44].

#### 5.1. Obtained Results and Relevance to the Previous Studies

Considering the high frequency of landslides ocurring in several areas of southern Izeh, there was a demand to establish an accurate landslide susceptibility map. The expected accuracy of LSM depends not only on the presence of concise and comprehensive data, in terms of data scale and accuracy, but also on the selection of the appropriate methodology of data processing and modelling [

15]. Regardless of data scale and accuracy, the present study aimed to explore landslide susceptibility of southern Izeh by developing a hybrid GIS-based LSM that uses neither DM's evaluation nor sophisticated objective methods. This is an integrated strategic LSM framework with an emphasis on structuring the decision-making process problem. Within this approach, Shannon entropy was employed to determine the criteria weightings from an objective evaluation of spatial domain while different fuzzy membership functions were employed for criteria standardization.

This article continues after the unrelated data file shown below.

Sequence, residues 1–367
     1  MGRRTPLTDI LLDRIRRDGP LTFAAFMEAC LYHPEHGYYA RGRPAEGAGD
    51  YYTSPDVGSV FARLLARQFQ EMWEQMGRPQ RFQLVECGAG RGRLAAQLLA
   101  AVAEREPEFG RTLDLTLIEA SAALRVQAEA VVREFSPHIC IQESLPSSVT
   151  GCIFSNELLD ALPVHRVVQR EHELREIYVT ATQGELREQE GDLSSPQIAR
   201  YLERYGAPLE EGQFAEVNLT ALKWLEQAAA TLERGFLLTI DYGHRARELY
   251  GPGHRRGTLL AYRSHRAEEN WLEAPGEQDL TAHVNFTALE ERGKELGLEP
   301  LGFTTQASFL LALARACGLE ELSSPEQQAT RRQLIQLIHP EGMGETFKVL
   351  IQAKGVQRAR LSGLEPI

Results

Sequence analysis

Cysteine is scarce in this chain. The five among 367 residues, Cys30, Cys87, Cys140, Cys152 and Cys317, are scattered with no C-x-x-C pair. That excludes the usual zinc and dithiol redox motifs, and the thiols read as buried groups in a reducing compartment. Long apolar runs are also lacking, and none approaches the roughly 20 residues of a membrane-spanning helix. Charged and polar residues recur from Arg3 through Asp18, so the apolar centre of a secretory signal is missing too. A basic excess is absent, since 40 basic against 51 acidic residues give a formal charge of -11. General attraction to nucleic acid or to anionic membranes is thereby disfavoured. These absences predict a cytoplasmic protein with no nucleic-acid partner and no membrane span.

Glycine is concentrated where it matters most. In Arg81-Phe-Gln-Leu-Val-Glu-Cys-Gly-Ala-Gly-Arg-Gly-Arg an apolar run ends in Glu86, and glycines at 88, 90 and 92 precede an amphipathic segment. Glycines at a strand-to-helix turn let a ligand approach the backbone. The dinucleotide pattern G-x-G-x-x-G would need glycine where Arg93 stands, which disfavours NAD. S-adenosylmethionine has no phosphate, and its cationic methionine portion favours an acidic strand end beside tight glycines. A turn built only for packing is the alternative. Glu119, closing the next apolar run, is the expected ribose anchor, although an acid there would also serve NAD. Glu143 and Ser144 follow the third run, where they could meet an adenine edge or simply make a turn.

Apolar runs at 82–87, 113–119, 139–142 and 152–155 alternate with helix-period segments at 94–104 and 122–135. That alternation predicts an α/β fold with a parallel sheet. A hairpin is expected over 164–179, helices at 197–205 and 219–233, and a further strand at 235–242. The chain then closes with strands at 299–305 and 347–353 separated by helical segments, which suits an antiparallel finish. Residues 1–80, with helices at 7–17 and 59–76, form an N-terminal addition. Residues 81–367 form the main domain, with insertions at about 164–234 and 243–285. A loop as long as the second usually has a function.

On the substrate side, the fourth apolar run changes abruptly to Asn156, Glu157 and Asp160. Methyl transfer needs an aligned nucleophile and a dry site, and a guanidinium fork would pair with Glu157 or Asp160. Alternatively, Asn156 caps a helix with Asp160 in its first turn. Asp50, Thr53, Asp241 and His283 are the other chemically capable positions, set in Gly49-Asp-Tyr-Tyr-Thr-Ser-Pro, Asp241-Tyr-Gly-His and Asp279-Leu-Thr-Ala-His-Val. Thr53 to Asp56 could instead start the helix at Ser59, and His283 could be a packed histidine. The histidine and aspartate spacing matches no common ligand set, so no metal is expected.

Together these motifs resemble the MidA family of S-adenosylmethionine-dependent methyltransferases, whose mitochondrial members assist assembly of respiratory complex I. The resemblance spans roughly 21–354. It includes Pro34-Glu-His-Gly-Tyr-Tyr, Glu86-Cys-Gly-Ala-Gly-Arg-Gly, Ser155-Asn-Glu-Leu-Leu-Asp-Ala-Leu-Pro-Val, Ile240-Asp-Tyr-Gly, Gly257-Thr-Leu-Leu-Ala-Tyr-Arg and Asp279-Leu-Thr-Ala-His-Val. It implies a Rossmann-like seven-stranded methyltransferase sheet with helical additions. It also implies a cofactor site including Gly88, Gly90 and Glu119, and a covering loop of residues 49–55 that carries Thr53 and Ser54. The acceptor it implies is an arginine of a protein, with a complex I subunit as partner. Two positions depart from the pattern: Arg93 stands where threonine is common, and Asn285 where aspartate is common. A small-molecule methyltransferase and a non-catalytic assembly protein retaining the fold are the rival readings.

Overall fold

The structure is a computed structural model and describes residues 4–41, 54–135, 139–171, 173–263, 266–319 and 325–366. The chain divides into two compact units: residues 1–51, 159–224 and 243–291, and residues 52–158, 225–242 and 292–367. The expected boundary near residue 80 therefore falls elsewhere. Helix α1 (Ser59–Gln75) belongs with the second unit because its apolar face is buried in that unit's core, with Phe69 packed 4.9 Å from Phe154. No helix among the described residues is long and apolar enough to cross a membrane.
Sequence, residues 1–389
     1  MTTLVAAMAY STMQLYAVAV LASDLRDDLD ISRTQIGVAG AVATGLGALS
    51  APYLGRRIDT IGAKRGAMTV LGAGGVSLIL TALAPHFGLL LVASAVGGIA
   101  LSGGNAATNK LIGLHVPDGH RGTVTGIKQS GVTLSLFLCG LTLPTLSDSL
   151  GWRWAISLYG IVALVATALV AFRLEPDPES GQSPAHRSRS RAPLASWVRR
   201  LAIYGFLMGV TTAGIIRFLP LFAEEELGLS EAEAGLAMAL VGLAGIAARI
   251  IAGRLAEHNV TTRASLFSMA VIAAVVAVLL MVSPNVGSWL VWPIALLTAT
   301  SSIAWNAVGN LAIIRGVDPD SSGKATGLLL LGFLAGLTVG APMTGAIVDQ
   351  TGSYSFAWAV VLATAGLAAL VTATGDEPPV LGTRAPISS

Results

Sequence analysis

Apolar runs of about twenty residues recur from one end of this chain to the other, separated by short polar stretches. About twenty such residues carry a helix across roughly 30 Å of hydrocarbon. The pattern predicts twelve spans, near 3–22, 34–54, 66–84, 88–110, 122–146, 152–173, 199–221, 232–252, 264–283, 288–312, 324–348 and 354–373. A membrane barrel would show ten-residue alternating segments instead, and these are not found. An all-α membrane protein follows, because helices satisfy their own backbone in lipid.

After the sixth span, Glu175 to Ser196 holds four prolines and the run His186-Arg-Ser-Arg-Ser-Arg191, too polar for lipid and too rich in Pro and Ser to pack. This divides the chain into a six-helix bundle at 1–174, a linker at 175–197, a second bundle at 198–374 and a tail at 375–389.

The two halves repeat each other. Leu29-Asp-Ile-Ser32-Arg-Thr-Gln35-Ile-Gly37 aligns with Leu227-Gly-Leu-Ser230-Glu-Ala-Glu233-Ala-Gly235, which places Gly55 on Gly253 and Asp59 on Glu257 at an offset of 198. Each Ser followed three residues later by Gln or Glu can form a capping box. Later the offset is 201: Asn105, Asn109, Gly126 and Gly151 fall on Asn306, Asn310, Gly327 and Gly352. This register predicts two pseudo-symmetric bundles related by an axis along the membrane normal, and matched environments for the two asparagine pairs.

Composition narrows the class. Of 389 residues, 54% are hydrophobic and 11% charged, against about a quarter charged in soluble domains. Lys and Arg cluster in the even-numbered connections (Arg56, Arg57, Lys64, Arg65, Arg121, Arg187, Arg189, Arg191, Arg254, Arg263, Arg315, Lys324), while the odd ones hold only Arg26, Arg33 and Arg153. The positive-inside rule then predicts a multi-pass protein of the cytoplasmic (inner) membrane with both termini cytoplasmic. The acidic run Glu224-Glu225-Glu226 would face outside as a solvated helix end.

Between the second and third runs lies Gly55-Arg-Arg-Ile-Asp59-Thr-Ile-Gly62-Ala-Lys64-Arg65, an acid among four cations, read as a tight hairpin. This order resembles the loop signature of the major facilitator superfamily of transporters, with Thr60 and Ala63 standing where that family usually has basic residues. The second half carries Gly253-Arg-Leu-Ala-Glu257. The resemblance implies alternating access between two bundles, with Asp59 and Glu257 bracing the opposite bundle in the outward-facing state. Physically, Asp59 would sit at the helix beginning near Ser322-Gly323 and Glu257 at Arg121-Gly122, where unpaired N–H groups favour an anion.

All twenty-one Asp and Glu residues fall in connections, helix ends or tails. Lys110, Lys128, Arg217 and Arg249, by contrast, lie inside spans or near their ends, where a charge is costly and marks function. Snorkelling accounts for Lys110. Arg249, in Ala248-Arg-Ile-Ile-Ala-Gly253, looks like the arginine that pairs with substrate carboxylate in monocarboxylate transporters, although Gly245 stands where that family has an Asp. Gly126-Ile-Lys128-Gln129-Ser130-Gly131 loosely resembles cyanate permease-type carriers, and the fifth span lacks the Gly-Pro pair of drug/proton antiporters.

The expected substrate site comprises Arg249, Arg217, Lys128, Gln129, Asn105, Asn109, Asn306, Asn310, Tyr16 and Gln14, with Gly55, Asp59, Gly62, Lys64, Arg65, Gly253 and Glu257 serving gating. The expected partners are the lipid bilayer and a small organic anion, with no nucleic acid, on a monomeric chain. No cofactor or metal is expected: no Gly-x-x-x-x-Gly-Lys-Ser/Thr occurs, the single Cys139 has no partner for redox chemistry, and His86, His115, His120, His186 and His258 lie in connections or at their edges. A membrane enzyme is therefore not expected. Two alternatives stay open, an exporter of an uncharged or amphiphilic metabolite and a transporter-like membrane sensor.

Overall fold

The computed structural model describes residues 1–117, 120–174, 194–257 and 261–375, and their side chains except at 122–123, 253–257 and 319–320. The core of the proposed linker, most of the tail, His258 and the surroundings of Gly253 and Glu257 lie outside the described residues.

Obtained results of ROC curve analysis (AUC = 0.934) (see

Figure 7) and simple overlay technique (see

Figure 8) signify that the proposed hybrid fuzzy Shannon entropy evaluation technique is a promising tool for integrating multiple raster-based criteria for LSM while there is not sufficient knowledge about the criteria weights with respect to landslide mechanism of the study region. The previous study using the same dataset through extended fuzzy multi-criteria evaluation which was built on the basis of DMs’ evaluation achieved AUC value of 0.894 [

44]. This further approves the capability of proposed hybrid model for prediction of landslide susceptibility values. In other words, achieved results of accuracy metrics comparison approves that the proposed LSM model can achieve superior prediction accuracy to what that can be achieved by using DMs’ points of view (

Table 3), with significant time saving.

#### 5.2. Spatial Information Extraction and Prediction